Can Market-Based Interventions Contribute to Sustainable Consumption? Developing a Conceptual Framework on Analysing the Impact of Consumer-Oriented Initiatives Towards Sustainability in Globalising Food Chains.
This paper takes a closer look at these instruments and thereby conceptualising consumption as a social practice embedded in a bundle of multiple practices that constitute a combination of networks and flows. Environmental change therefore entails transformations in these bundles of practices structured as networks and flows. Empirically this paper builds on previous work on the global palm oil and global seafood supply chains.
From these cases it becomes clear that innovative market-based arrangements create a complex landscape of private and sometimes public-private consumer-oriented initiatives. Analysing them shows that these initiatives may result in important reconfigurations in global supply chains and in actual transformations towards sustainability in the networks and practices involved. Innovative sustainable global food governance arrangements may be effective, for instance because they (re-)connect material and non-material flows and provide additional information along the supply chains (transparency and traceability), or because they bring in public and private actors in area-based approaches (landscape governance).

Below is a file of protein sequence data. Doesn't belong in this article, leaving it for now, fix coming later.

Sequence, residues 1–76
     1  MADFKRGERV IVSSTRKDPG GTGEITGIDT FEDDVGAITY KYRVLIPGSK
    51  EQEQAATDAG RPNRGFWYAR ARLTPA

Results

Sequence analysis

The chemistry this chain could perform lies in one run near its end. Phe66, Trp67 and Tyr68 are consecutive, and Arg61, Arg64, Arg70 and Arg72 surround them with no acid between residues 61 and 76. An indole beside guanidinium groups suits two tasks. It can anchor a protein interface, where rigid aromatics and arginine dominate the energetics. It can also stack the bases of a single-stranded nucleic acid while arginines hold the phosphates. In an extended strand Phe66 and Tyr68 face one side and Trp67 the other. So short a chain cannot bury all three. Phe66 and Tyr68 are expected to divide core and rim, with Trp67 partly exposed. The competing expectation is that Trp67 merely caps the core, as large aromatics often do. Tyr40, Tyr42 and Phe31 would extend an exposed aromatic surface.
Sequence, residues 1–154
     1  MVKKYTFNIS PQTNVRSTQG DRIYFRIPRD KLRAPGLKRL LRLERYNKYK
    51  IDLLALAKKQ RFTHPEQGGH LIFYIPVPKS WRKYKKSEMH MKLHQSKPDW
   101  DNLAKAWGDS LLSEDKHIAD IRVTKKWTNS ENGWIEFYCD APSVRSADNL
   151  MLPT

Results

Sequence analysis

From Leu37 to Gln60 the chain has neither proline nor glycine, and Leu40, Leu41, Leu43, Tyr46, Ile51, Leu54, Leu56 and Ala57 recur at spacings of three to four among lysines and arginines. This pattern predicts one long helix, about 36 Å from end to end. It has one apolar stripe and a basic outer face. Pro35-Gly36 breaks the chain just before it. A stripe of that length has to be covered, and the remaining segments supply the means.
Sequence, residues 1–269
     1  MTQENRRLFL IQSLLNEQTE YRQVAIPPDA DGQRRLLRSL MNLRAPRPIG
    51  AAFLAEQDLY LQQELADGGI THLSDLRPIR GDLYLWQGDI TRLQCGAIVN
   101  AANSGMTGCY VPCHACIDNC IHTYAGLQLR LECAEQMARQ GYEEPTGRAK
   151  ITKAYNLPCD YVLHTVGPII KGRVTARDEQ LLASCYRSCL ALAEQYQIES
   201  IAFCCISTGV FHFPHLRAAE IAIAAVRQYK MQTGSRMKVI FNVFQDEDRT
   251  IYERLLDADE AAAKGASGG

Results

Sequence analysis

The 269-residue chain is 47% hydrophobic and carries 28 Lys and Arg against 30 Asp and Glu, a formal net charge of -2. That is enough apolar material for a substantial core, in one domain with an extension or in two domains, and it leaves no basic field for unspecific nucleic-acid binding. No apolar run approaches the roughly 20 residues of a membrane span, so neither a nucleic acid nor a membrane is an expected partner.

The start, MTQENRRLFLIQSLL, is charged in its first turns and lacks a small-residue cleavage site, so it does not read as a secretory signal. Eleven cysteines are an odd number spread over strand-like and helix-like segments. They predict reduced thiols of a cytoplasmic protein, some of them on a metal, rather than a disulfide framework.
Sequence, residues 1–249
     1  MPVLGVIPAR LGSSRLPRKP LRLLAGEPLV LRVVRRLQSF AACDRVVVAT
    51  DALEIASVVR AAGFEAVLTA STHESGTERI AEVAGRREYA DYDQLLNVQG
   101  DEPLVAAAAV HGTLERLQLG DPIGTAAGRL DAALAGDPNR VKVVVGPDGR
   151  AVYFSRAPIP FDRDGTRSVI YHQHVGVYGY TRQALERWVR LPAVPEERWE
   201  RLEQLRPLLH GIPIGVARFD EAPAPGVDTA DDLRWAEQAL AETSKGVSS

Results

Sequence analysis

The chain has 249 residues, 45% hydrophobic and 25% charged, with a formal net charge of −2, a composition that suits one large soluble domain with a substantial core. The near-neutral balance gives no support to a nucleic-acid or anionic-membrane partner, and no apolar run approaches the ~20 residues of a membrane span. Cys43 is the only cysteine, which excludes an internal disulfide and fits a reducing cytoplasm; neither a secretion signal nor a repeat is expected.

The paper concludes that these reconfigurations are connected with the transforming roles of consumers, retailers, producers, governments and NGOs in the sustainability governance of global food supply chains. On this basis a research agenda is formulated on consumer-oriented environmental governance arrangements.